Maku is a city in the Central District of Khoy County, West Azerbaijan Province, Iran. At the 2006 census, its population was 41,865, in 10,428 families.
It is situated 22 kilometres (14 mi) from the Turkish border in a mountain gorge at an altitude of 1634 metres. The Zangmar River cuts through the city. The common language in Maku is Azerbaijani language. Maku Free Trade and Industrial Zone is Iran’s largest and the world’s second largest free trade zone and will encompass an area of 5000 square km when it opened in 2011.
Maku was the capital of a Kangarli Khanate one of numerous small, semi-independent Khanates that resulted from the breakup of the Safavid Empire in the 17th century.
The city is well-known in Bahá'í history for its fort where the Báb had been exiled to and imprisoned for nine months. At this fortress Mullá Husayn, the first Disciple of the Báb, arrived on Náw-Rúz of the year 1848 to see the Báb.
In ancient times the region of Maku was a part of Lesser Media and its name itself may be derived from the old Persian word Madkuh meaning "the Mountain of the Medes". Medes were one of the ancient Iranian tribes.
Tourism Sites in Maku
Saint Thaddeus Church: The Saint Thaddeus is an ancient Armenian monastery located in the mountainous area of Iran's West Azerbaijan Province, about 20 kilometres from the town of Maku.
The monastery is visible from a distance because of the massiveness of the church, strongly characterized by the polygonal drums and conical roofs of its two domes. There are several chapels nearby: three on the hills east of the stream, one approximately 3 km south of the monastery on the road to Bastam, and another that serves as the church for the village of Ghara-Kilise.
One of the 12 Apostles, St. Thaddeus, also known as Saint Jude, (not to be confused with Judas Iscariot), was martyred while spreading the Gospel. He is revered as an apostle of the Armenian Apostolic Church. Legend has it that a church dedicated to him was first built on the present site in AD 68.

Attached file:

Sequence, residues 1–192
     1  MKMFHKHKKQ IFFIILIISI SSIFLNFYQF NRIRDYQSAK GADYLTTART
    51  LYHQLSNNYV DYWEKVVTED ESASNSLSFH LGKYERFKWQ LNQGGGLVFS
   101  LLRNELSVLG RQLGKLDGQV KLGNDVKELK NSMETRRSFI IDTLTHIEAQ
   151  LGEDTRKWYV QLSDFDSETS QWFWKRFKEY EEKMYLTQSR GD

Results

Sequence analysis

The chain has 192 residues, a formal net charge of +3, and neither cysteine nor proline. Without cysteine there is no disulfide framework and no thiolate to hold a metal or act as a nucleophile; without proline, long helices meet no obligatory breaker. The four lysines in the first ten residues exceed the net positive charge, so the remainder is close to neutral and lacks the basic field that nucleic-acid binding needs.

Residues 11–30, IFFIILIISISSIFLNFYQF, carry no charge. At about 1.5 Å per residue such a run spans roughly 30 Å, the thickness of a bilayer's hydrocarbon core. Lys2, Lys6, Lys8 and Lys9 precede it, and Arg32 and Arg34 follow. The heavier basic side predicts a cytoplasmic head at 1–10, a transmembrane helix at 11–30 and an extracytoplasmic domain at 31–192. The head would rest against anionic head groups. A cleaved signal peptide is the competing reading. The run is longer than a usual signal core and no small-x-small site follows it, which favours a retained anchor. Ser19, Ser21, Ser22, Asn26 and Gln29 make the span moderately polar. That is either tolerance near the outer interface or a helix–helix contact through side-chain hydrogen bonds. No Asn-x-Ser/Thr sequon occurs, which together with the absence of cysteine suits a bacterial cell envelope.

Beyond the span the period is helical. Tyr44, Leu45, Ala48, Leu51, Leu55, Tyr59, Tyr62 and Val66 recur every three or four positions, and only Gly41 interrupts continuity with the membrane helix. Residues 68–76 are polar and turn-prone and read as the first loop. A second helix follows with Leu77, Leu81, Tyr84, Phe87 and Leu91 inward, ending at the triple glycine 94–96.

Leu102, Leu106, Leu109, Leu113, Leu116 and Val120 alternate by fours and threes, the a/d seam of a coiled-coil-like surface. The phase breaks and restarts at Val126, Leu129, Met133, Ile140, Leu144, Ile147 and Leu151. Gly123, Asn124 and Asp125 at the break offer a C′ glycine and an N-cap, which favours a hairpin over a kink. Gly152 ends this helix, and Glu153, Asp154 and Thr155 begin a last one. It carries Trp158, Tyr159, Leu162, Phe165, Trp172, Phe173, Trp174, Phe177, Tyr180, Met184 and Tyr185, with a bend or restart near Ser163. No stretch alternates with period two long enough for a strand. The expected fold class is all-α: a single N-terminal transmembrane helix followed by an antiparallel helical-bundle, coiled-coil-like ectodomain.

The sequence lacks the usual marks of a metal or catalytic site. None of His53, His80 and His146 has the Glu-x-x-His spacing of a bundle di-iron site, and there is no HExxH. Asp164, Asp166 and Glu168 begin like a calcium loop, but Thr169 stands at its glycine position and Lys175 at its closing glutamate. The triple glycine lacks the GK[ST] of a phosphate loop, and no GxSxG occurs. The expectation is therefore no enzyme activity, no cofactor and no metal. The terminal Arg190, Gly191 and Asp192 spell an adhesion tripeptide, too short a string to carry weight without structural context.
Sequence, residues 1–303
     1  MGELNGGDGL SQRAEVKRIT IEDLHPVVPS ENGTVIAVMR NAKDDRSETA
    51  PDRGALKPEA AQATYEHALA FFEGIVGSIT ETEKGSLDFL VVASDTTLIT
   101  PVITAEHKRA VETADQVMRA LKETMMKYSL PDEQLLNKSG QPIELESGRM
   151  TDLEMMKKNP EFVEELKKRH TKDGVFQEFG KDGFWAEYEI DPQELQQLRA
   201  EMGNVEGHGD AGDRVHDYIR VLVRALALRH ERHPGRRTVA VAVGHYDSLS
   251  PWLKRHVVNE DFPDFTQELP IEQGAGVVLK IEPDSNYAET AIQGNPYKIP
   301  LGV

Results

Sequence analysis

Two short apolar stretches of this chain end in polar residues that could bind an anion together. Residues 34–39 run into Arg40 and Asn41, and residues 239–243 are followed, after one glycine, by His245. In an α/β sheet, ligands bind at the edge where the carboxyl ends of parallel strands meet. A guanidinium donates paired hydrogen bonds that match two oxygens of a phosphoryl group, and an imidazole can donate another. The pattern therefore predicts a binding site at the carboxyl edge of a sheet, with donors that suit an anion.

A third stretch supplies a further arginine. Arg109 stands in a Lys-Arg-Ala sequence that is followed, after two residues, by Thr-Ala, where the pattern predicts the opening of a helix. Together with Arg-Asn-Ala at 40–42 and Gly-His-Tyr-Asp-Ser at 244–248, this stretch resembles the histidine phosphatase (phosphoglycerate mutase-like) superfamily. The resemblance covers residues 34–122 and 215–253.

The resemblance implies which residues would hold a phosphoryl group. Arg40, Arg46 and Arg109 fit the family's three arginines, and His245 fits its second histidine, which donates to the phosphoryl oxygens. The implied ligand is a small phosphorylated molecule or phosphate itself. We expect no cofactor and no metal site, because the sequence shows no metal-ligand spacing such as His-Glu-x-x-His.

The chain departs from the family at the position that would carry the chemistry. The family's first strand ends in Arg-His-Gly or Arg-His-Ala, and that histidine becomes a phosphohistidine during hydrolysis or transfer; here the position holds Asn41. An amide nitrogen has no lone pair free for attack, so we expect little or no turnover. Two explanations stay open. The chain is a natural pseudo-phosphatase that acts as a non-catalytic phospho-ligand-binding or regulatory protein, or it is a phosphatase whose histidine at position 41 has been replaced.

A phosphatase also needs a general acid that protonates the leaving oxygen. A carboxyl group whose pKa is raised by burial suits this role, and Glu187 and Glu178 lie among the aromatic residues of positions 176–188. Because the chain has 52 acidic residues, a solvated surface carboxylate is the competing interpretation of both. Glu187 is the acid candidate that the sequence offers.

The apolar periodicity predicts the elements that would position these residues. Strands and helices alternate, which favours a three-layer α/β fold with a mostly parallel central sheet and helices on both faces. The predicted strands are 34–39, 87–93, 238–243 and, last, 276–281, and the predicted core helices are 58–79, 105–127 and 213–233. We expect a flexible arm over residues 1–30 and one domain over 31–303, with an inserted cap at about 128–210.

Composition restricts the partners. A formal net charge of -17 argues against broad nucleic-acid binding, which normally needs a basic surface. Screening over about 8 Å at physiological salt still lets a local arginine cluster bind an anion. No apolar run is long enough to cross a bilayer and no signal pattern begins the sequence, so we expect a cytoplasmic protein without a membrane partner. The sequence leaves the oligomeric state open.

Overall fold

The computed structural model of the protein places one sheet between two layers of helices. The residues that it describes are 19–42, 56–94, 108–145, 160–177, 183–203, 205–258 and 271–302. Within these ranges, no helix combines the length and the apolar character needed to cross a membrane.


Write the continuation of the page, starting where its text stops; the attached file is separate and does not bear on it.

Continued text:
Not much appears to remain of the original church, which was extensively rebuilt in 1329 after an earthquake damaged the structure in 1319. Nevertheless, some of the parts surrounding the altar apse date from the 10th century.
Much of the present structure dates from 1811 when Qajar prince Abbas Mirza helped in renovations and repairs. Undertaken by Simeon, Father Superior of the monastery, a large narthex-like western extension was added to the medieval church. This structure exactly duplicates the design of the cathedral at Etchmiadzin.
The 19th century additions are from carved sandstone. The earliest parts are of black and white stone, hence its Turkic name Kara Kilise, the Black Church.
A fortified wall surrounds the church and its now-abandoned monastery buildings.
In July 2008, the St. Thaddeus monastery was dded to UNESCO's World Heritage List, along with two other Armenian monuments located in the same province: Saint Stepanos Monastery (read more in Jolfa and Churches) and the chapel of Dzordzor. The only Christian services are held during a brilliant three-day summer pilgrimage. It is obvious that these churches registered in UNESCO would really help to the Tabriz 2018 event and they will included in Tabriz tours and Iran tours.